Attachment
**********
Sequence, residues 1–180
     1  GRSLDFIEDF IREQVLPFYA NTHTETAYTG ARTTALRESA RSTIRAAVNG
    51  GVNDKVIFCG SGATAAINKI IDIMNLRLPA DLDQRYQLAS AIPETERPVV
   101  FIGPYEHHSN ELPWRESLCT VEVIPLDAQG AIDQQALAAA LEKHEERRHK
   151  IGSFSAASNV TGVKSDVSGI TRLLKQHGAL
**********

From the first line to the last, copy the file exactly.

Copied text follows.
Sequence, residues 1–180
     1  GRSLDFIEDF IREQVLPFYA NTHTETAYTG ARTTALRESA RSTIRAAVNG
    51  GVNDKVIFCG SGATAAINKI IDIMNLRLPA DLDQRYQLAS AIPETERPVV
   101  FIGPYEHHSN ELPWRESLCT VEVIPLDAQG AIDQQALAAA LEKHEERRHK
   151  IGSFSAASNV TGVKSDVSGI TRLLKQHGAL